Continued from Chapter 5.3, here.
Read it from the beginning, starting here.
Axiom 6: Formulate a long-term plan.
It turns out that a furious and bloodthirsty woman is a fairly decent opponent for a distracted and disarmed angel.
After a couple of minutes of holding back, worried about catching a blow if I tried to interfere, I finally managed to scoot between Alice and Eremiel, praying that the bloodlust hadn’t clouded Alice’s vision to the point where she wouldn’t recognize me as a friend, rather than just another enemy.
She held her next punch, although her eyes blazed at me. “Get out of my way, Jack,” she snarled.
“Oh, knock it off, would you?” I fired back at her. “Look, this isn’t doing us any good. Even if you beat the crap out of Eremiel-”
“Keep on beating the crap out of him, more like-”
“-it won’t actually help us at all!” I finished, not letting her words stop me. “If anything, we’ll just be worse off, because then we’ll be back on our own again!”
Those words got through to her at least a little. She lowered her fists by another fraction, but the anger in her eyes didn’t go away. Of all the women still left alive after the Apocalypse, I had to be stuck with the slightly unhinged one with one screw loose. She did look kind of sexy with her hair in a wild tangle around her face, and I had to carefully ignore how her chest rose and fell with each deep breath, but she was still definitely crazy.
“Fine,” she spat out. “So now what, then?”
Fortunately, I’d had a minute to think on that question as she kicked and clawed at Eremiel. “I think we have some more questions for our angelic friend, actually.”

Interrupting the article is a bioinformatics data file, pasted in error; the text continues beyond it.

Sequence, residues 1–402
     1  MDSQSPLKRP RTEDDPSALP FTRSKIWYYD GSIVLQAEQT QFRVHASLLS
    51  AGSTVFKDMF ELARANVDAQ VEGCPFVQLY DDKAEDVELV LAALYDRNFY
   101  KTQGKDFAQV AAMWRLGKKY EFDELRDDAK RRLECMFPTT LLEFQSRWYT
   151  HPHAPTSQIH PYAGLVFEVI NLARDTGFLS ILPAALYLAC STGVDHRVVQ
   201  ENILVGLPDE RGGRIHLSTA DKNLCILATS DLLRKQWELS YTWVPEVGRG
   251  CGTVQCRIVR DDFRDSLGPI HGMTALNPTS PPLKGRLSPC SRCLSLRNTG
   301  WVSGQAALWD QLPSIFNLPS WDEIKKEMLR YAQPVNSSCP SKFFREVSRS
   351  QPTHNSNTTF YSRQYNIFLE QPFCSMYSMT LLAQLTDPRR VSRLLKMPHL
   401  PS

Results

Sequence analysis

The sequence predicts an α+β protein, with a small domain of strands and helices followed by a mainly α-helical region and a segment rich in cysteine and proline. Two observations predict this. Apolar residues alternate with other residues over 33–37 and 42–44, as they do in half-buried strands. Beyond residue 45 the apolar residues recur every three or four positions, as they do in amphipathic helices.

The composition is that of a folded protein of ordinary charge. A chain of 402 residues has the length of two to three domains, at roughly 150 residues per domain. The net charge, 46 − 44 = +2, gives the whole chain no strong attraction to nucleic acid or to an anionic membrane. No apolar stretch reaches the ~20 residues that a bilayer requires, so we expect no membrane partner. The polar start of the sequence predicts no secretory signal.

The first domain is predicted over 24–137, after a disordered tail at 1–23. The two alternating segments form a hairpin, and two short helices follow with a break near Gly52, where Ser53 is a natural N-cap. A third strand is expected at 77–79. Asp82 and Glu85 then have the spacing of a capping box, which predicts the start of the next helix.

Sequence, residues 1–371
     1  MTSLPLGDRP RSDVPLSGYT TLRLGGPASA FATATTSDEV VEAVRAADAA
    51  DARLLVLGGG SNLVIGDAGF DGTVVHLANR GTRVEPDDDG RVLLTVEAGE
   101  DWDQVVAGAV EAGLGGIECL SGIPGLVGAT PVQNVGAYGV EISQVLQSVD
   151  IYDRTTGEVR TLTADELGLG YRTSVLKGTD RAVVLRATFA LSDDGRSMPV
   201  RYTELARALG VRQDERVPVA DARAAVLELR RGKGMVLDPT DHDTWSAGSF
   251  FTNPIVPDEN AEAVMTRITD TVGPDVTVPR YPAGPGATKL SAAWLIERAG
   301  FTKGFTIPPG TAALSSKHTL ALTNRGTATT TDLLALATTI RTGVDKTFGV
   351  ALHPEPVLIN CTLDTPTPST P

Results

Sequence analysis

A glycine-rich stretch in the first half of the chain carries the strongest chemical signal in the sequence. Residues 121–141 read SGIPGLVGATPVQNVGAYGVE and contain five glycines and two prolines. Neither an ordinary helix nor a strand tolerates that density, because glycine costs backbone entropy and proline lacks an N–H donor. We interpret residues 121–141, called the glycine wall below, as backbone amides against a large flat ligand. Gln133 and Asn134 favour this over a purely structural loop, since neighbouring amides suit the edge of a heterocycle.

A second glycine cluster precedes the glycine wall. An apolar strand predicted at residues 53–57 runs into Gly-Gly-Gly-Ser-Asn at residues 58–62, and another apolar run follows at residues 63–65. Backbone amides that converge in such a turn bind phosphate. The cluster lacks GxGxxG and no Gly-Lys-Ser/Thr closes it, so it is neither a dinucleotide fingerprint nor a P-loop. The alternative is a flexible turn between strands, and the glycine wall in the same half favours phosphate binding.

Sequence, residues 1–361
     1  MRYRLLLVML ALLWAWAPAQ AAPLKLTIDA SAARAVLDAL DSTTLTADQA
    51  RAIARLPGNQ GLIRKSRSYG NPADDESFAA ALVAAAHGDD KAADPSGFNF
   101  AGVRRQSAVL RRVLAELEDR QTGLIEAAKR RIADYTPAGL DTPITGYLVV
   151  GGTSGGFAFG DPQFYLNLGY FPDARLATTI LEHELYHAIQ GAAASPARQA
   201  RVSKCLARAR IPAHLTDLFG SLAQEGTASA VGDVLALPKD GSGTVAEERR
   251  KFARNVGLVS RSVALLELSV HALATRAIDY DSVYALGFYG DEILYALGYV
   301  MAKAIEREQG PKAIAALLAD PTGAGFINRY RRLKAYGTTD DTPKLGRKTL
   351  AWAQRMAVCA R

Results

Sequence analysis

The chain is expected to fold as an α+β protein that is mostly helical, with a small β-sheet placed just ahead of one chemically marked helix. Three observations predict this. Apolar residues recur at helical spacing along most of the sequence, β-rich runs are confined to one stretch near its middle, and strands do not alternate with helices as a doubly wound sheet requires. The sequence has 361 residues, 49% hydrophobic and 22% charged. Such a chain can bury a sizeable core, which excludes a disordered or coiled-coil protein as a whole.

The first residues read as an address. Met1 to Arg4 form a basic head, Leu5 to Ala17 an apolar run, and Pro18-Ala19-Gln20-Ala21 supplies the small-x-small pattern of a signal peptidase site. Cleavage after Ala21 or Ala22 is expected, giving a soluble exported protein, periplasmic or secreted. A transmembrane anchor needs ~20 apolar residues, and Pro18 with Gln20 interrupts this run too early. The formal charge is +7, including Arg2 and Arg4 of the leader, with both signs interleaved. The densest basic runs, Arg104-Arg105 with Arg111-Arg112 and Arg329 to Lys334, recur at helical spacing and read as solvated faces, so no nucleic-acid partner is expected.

“Oh, come on, mortals,” Eremiel groaned, his attitude not earning him any points with either of us mortals. “Can you not simply release me so that I might return to my task, on the off chance that my absence hasn’t yet been noticed?”
“Afraid not,” I told him. I tried to make my voice sound like I actually did feel sorry, although the angel’s uppity attitude was also wearing on me. I had a little more control of my temper than Alice, but it wouldn’t last forever. “But listen – what happens after the angels finish counting up all the goodness in the universe?”
“Well, whatever is written in the Book,” he replied.
“And we don’t know what that is, right?”
“Only Metatron is entrusted with the contents of the Book,” he confirmed, although I noticed that he was using the Capital Letters again in his speech.
“But regardless, he’s probably not going to just leave the Earth sitting around, once everything’s been counted. It seems like a loose end, and angels probably don’t want those just sticking around forever.” Eremiel didn’t look fully convinced, but I kept on talking. “So, from this, we can conclude that the counting is still happening.”
“So?” Alice transferred her annoyance over to me. “What good does that do us? So the Apocalypse isn’t over yet, just halfway done.”
“If it’s not over yet, it still means that we can try and stop it,” I finished.
For a moment, Alice blinked at me. “That’s it?” she asked incredulously. “That’s your big plan? Just try and stop it before they finish? How will that fix anything?”